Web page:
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CTV News interviewed Esme Fuller-Thomson about her research on women with ADHD


Women with ADHD are less likely to be diagnosed and treated, which can have serious consequences. CTV News spoke to Professor Esme Fuller-Thomson about her research on the topic. Recent studies led by Fuller-Thomson have found that half of adults with ADHD have had a substance use disorder and one in four women with ADHD has attempted suicide.

ADHD presents differently in men and women and as a result women and girls with ADHD tend to slip under the radar screen, says Fuller-Thomson. “Women are often not diagnosed until adulthood when interpersonal and work related tasks start to overwhelm them. Both women and girls have problems, but probably neither are adequately diagnosed.”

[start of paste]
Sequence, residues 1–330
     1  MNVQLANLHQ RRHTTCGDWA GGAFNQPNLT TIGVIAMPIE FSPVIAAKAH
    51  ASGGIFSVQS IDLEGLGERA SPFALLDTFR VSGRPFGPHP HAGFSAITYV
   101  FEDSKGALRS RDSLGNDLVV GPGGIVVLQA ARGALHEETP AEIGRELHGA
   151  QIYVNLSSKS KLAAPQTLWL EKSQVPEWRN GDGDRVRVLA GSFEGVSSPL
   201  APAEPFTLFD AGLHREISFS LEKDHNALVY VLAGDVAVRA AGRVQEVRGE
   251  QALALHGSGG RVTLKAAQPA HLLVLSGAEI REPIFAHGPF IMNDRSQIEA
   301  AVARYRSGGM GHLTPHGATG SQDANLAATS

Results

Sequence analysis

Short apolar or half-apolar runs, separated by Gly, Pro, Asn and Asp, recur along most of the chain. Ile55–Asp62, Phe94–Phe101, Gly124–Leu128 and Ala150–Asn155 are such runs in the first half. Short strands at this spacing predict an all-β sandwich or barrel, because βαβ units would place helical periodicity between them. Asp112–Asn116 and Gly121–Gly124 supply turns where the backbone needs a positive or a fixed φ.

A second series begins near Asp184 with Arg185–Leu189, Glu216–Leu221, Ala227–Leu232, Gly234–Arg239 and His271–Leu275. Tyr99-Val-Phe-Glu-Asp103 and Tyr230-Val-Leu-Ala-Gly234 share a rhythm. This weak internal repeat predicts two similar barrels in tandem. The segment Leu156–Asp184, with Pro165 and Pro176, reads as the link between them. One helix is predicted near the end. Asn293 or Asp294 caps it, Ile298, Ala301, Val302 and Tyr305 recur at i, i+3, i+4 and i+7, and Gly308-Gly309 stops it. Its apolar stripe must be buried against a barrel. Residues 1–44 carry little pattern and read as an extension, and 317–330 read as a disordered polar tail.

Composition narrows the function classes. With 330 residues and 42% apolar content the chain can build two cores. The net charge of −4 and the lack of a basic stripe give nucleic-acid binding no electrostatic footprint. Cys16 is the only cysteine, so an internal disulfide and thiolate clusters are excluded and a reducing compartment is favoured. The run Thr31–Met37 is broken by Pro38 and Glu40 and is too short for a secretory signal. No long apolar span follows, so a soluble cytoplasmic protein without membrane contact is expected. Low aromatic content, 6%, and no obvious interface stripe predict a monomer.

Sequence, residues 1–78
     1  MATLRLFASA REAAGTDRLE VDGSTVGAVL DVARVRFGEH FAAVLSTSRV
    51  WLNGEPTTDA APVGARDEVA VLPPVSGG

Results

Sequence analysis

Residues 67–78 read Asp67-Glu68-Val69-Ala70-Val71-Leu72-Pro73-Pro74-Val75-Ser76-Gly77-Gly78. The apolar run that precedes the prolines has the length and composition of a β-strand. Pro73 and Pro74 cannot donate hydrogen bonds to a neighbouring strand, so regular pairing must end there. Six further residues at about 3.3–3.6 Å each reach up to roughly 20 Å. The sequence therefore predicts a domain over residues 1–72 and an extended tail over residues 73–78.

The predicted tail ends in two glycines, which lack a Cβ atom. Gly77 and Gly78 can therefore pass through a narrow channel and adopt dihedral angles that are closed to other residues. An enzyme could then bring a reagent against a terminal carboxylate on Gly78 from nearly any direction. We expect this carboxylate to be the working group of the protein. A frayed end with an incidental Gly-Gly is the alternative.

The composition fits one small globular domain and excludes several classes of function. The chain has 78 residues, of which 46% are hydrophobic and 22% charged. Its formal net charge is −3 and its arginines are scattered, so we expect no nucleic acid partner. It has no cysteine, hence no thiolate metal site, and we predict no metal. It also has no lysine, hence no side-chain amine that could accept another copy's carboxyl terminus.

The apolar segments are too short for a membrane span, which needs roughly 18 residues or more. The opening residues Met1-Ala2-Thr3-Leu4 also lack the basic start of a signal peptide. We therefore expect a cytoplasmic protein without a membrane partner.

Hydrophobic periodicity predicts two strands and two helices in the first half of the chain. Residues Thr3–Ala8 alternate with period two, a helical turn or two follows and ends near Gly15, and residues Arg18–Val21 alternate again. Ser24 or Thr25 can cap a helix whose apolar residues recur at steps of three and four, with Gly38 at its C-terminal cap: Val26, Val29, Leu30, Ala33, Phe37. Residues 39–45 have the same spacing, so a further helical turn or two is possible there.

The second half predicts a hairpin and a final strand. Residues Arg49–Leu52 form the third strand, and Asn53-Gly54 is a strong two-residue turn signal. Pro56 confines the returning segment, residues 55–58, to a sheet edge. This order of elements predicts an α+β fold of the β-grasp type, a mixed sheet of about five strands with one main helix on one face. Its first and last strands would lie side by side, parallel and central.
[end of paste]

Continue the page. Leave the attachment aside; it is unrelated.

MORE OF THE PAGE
Because ADHD is more common among men than among women, little research or clinical attention has focused on women with the disorder.

> Click here to view the full CTV News segment

Fuller-Thomson has been Director of the Institute for Life Course and Aging (ILCA) since 2016 and is cross-appointed to U of T’s Department of Family & Community Medicine and the Faculty of Nursing.

Visit ILCA’s YouTube page to view its COVID-19 Talks video series, where Fuller-Thomson interviews experts on topics ranging from memory problems among older adults to strategies for managing caregiver stress.